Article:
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Individuals have civil rights; people are entitled to be allowed to move freely and to have their person and their property respected.

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Introduction

Individuals have civil rights; people are entitled to be allowed to move freely and to have their person and their property respected. However the police must have sufficient powers to investigate crimes. Therefore Parliament has given the police special powers that can be used in certain circumstances. These powers include the rights to stop and search suspects, to arrest and interview people when necessary and to take fingerprints and samples (blood samples) for scientific analysis. Without the police having these certain powers then it would be nearly impossible to investigate any crimes. But it is also important for the police to remember that, at the same time, they do not unnecessarily harass ordinary people, and that those who are suspects are protected from overzealous police officers. The law on police powers is covered in the Police and Criminal Evidence Act 1984 (also known as PACE) and the codes of practice under section 66 of PACE. There are five codes, running from code A to E. Code A deals with the powers to stop and search, code B deals with powers to search premises and seize property, code C deals with the detention, treatment and questioning of suspects, code D deals with rules for identification procedures and code E deals with tape-recording of interviews with suspects. ...read more.

Middle

murder), an offence which has a maximum sentence that could be given to an adult is at least five years in prison, or any other offence which Parliament has specifically made and arrestable offence; for example, taking a motor vehicle without consent has been made an arrestable offence. Section 24 of PACE allows the police and private citizens to arrest without a warrant if, D is in the act of committing an arrestable offence, or if an officer has reason to believe that D is committing an arrestable offence and when a arrestable offence has been committed. If an arrestable offence has been committed then the officer can arrest anyone whom he has reasonable grounds for suspecting to be guilty of it. However the police also have the right to arrest anyone who is about to commit an offence, anyone whom he or she has reasonable grounds to suspect to be about to commit an arrestable offence, and where there are reasonable grounds for suspecting that an arrestable offence has been committed, and there are reasonable grounds for suspecting the person arrested. Private citizens do not have these rights, so that if there has not been an arrestable offence, no matter how suspicious the situation is, a private citizen cannot carry out a lawful arrest. ...read more.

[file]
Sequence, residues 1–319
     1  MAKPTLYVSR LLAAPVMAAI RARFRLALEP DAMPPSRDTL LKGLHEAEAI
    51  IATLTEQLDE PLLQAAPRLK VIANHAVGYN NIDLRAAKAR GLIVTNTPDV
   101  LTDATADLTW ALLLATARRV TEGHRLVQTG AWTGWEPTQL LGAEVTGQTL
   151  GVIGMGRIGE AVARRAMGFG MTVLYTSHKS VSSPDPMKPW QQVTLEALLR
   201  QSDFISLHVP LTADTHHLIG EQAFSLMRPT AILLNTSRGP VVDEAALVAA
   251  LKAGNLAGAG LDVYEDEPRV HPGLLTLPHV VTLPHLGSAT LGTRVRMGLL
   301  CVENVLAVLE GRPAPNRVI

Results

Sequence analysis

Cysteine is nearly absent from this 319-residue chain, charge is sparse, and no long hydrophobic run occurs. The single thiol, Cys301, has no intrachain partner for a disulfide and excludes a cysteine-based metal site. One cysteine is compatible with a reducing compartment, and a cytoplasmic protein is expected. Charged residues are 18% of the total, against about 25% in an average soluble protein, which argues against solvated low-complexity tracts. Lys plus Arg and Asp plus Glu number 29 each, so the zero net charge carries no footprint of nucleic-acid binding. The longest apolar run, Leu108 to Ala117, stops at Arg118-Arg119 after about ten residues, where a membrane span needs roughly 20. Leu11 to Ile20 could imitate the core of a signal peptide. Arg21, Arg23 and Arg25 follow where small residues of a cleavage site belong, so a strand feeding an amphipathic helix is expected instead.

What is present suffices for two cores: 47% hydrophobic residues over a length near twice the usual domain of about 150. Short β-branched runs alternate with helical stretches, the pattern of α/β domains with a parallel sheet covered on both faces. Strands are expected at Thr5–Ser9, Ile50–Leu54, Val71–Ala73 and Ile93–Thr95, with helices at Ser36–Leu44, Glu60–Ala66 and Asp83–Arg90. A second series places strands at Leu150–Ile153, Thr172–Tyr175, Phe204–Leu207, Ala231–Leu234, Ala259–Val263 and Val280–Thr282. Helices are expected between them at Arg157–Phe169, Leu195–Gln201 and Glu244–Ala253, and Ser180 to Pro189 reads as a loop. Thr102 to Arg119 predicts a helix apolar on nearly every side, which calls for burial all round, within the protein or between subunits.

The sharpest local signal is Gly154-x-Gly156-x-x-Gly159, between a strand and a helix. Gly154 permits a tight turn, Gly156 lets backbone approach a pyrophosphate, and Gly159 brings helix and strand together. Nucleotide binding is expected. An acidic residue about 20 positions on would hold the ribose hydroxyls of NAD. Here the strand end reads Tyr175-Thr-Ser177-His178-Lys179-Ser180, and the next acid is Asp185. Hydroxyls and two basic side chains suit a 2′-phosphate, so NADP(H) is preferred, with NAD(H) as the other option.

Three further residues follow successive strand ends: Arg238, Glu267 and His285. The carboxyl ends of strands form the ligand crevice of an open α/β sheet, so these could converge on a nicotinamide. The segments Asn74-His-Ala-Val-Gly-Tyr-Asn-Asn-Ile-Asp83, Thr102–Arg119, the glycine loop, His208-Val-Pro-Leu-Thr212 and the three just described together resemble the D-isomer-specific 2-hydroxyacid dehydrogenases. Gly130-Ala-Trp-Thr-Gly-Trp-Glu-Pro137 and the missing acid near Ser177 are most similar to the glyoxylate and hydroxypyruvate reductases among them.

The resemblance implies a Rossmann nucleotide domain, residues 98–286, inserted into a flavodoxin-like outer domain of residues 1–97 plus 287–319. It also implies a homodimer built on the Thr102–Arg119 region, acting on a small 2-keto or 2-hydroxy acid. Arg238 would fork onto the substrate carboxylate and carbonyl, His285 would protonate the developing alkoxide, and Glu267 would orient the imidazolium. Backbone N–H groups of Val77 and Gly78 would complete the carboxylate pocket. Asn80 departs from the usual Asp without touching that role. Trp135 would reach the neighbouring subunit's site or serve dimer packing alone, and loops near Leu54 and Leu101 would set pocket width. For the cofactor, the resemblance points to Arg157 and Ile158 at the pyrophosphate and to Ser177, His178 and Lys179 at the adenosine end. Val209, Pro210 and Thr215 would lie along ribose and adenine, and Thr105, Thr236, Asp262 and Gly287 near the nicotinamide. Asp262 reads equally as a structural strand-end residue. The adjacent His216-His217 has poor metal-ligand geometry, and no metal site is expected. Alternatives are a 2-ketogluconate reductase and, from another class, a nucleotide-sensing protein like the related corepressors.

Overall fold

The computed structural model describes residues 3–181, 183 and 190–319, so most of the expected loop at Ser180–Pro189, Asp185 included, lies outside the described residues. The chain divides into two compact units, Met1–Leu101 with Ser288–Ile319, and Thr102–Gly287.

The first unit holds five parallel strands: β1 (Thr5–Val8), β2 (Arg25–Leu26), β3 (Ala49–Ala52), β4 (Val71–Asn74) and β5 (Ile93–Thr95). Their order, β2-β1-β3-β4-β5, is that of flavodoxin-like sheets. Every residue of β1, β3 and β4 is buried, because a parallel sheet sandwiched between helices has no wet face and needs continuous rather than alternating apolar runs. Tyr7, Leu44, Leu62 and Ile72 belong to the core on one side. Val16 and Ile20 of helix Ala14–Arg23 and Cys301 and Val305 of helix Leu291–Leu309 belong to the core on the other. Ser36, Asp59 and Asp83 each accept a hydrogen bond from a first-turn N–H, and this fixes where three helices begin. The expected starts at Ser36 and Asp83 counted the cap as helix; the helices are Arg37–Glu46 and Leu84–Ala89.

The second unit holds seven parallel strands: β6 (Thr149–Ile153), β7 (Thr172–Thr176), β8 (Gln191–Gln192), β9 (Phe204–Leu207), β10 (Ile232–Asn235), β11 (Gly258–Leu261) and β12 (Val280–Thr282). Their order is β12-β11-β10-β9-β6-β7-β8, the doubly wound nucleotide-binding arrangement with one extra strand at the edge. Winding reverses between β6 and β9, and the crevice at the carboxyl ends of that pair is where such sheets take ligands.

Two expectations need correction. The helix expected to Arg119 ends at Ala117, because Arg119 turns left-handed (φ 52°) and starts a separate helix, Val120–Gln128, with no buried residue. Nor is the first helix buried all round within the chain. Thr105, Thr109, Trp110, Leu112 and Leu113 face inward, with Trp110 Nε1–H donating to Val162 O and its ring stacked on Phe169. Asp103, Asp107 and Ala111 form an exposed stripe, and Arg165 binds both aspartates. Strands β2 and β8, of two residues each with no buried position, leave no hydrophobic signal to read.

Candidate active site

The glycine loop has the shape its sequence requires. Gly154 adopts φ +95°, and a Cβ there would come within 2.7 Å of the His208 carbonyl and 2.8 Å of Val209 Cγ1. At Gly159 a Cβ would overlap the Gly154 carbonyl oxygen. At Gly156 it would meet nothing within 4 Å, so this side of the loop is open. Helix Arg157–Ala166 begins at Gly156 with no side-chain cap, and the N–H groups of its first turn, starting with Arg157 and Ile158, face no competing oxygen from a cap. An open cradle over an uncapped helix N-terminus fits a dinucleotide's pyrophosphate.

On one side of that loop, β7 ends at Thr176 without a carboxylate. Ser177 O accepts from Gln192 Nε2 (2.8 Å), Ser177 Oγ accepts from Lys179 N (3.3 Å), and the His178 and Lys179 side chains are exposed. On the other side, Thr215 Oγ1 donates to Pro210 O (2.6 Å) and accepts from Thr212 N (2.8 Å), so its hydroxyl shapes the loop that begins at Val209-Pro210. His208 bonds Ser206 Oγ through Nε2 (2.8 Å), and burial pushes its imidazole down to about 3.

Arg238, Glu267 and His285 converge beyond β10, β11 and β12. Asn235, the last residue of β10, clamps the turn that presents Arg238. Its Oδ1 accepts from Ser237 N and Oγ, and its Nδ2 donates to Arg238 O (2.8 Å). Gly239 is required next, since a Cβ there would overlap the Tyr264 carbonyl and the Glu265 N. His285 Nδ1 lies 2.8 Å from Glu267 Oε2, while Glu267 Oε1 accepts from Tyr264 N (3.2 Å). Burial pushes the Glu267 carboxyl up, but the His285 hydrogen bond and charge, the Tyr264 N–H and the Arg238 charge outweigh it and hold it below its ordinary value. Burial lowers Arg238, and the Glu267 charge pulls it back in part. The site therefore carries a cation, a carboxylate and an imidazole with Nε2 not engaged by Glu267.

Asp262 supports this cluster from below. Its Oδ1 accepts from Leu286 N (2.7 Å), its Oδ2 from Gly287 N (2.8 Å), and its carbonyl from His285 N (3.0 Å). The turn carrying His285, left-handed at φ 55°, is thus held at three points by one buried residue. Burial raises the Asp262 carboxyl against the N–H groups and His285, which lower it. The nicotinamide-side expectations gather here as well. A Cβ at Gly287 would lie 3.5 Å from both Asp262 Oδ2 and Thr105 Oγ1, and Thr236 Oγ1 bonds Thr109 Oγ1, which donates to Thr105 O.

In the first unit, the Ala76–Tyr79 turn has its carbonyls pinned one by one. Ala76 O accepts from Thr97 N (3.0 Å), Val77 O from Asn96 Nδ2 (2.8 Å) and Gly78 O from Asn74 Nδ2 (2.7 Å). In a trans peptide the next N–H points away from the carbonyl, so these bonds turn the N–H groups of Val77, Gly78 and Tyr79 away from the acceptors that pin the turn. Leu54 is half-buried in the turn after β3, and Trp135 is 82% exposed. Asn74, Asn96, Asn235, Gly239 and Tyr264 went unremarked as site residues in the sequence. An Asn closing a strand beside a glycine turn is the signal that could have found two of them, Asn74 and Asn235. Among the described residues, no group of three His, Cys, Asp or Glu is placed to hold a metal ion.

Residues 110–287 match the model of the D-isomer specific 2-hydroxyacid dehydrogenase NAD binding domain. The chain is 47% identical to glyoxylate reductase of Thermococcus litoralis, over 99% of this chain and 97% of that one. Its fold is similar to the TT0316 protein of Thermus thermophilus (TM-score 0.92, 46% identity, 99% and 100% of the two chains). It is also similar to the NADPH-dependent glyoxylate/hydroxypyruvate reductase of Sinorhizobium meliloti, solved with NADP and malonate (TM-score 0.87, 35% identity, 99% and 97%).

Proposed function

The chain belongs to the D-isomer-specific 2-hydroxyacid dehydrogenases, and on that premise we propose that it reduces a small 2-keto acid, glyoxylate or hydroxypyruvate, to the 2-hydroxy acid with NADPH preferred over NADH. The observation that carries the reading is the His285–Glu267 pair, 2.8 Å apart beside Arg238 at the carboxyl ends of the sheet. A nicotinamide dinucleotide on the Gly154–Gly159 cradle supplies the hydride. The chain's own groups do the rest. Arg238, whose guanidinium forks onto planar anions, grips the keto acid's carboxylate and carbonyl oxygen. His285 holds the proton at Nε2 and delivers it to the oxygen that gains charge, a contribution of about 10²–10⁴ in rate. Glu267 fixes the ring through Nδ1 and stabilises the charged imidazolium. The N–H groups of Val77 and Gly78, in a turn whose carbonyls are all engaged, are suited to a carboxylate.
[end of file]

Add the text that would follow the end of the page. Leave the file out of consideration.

Conclusion

This was so even though the defendant appeared able to understand the police questions. The interview was, therefore, not admissible as evidence. The law gives some suspects the protection on the way they should be treated whilst being detained and questioned. Section 76 of PACE states that the court shall not allow statements that have been obtained through oppression to be used as evidence. Oppression is defined as including torture, inhuman or degrading treatment and the use or threat of violence. Code C also gives protection to suspects who are being questioned in regard to the physical conditions of the interview. For example, the code says that interviews must be adequately lit, heated and ventilated and that suspects must be given adequate breaks for meals, refreshments and sleep. In theory the custody officer who is supposed to keep accurate records, should monitor the treatment of a suspect during their detention period. This should include the length and timing of interviews and other matters, such as visits of police officers to the defendants cell, so that any breaches of the rules will be obvious. However, research by Sanders and Bridges suggests that a substantial minority of custody records (10%) are falsified. ...read more.

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